A Tale of Two Museums: Sharing Rachel Whiteread’s Monolithic Staircase


Rachel Whiteread, Untitled (Domestic), 2002, cast plaster on various armatures; Owned jointly by Albright-Knox Art Gallery, Buffalo; George B. and Jenny R. Mathews Fund and Carnegie Museum of Art, Pittsburgh; The Henry L. Hillman Fund.

Like most museums, CMOA often has multiple artworks from a single artist in its permanent collection. Rachel Whiteread, one of the Young British Artists and the first woman to receive the prestigious Turner Prize in 1993, is a perfect example. While Untitled (Yellow Bath) is one of nine featured objects in the exhibition Uncrated: The Hidden Lives of Artworks, CMOA has another monumental work from the British-born artist that boasts a substantially larger footprint in the galleries. It’s also an artwork that reveals a somewhat uncommon shared arrangement between two museums.

Untitled (Domestic), which is jointly owned with Albright-Knox Art Gallery in Buffalo, has been exhibited at both institutions. A monolithic sculpture, the piece is representative of Whiteread’s ambitious art practice. Douglas Fogle, curator of contemporary art at the time of acquisition, offered this detailed overview of the object during his tenure at CMOA:  

Untitled (Domestic) is a sculpture [cast in plaster] from an interior staircase in a three-story, 18th-century London building that was once the home of the British naval hero Admiral Lord Nelson. Whiteread created this work by casting the space surrounding the staircase. To produce a work of this size, she cast the original space in parts and reassembled the pieces in her studio. This approach freed her from the limitations imposed by doorway clearances in the original building and allowed her to alter and recombine the various sections. The basic forms of Untitled (Domestic) reflect the original staircase, but the irregular surface textures and the recombined angles of the forms are Whiteread’’s invention. The result is a disorienting structure whose inverted steps and twisting angles seem to extend upward toward to an unknown destination.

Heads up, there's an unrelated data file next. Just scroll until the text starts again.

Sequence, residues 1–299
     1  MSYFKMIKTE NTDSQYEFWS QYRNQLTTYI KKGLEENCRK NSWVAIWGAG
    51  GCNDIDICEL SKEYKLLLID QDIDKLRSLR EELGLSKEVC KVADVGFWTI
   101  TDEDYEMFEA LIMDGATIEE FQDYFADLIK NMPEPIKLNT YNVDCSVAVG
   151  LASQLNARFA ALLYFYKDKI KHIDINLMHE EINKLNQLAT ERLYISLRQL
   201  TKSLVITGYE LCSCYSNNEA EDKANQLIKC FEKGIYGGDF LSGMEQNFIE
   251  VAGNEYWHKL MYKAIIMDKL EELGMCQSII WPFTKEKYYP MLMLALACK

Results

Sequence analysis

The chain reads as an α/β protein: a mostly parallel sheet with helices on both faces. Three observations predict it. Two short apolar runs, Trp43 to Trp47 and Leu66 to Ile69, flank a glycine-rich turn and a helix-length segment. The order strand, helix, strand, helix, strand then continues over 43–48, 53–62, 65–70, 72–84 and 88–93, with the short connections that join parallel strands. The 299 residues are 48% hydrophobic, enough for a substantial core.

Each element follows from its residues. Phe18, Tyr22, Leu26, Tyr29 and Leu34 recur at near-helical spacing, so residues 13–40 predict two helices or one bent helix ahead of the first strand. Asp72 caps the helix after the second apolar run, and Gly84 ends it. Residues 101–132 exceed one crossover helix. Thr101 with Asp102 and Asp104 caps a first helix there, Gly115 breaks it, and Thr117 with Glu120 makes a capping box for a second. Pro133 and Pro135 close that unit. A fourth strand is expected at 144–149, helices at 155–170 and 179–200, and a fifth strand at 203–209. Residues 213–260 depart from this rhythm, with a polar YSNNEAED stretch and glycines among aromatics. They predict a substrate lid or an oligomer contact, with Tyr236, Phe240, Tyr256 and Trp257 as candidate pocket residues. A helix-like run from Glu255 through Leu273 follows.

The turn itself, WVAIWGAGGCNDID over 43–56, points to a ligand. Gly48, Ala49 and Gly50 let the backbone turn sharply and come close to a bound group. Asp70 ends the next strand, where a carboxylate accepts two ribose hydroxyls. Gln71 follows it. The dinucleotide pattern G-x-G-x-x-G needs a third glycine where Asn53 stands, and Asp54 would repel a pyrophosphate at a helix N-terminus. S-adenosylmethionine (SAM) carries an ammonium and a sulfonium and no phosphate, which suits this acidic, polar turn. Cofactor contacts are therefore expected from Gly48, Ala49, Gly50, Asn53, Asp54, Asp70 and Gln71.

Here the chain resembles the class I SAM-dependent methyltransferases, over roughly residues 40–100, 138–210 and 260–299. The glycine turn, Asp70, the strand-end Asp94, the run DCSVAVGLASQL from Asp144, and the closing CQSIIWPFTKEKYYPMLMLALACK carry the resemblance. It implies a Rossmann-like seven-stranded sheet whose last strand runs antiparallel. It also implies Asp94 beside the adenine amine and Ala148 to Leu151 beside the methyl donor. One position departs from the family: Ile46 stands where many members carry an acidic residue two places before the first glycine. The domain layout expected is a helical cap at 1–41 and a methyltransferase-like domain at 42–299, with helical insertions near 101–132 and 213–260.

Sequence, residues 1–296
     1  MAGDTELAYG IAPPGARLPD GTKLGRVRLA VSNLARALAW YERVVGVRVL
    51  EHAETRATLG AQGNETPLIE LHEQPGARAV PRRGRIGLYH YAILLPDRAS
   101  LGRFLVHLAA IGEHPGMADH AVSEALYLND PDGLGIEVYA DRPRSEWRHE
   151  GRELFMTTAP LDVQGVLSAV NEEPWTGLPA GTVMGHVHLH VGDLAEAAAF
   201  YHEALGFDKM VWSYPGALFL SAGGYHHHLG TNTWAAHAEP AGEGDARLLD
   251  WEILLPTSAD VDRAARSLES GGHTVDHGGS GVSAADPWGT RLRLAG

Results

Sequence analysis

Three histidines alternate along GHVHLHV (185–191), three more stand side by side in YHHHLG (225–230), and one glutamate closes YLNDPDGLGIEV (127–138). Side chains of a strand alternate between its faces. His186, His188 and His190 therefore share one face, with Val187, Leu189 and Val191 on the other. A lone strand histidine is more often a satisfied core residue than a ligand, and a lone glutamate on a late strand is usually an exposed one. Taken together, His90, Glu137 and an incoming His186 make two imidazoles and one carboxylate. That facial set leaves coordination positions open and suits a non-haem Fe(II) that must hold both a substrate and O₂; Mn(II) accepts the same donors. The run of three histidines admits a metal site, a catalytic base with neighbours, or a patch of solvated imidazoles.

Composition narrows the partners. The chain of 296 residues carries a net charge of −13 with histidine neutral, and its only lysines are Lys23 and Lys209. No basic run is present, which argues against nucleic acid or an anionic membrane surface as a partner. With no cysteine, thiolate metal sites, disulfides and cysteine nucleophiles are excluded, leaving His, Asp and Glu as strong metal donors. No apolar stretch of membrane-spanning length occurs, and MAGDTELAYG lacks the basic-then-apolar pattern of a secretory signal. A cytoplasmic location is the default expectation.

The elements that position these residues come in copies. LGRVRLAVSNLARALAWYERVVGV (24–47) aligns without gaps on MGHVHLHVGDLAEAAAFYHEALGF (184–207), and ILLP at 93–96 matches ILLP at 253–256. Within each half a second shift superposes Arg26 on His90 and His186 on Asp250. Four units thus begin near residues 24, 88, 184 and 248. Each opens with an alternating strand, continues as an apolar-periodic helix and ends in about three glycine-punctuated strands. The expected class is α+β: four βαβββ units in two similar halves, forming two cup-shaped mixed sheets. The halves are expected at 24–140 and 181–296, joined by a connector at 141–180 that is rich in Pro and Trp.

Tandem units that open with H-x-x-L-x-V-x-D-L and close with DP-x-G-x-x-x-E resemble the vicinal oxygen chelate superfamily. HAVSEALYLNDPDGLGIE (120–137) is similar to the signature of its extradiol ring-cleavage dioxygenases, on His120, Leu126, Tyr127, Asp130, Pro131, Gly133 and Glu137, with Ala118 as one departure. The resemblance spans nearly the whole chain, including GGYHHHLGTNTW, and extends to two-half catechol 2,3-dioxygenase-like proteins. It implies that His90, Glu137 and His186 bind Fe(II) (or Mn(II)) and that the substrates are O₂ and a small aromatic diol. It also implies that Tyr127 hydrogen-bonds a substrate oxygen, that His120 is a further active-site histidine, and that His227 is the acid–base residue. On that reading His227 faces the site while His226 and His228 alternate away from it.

Acquired in 2006, Untitled (Domestic) was last on view in CMOA’s Hall of Sculpture in May 2007 (pictured above). Since then, the sculpture has primarily been on view or in storage at Albright-Knox in Buffalo.


Art preparators at Albright-Knox Gallery in Buffalo install Rachel Whiteread’s Untitled (Domestic) in the museum’s Sculpture Court, August 2012. Image via Albright-Knox Gallery.

Uncrated: The Hidden Lives of Artworks is on view in the Scaife Lounge at Carnegie Museum of Art from March 9, 2015–May 8, 2015. Learn the stories behind some intriguing works from CMOA’s collection and find out more about the people who buy, move, hang, clean, and care for them. Over the course of nine weeks, a team of registrars, conservators, preparators, and curators will be sharing their work with the public as they examine objects recently taken out of storage. Come back throughout the show and visit uncrated.cmoa.org to see what new discoveries the team is making.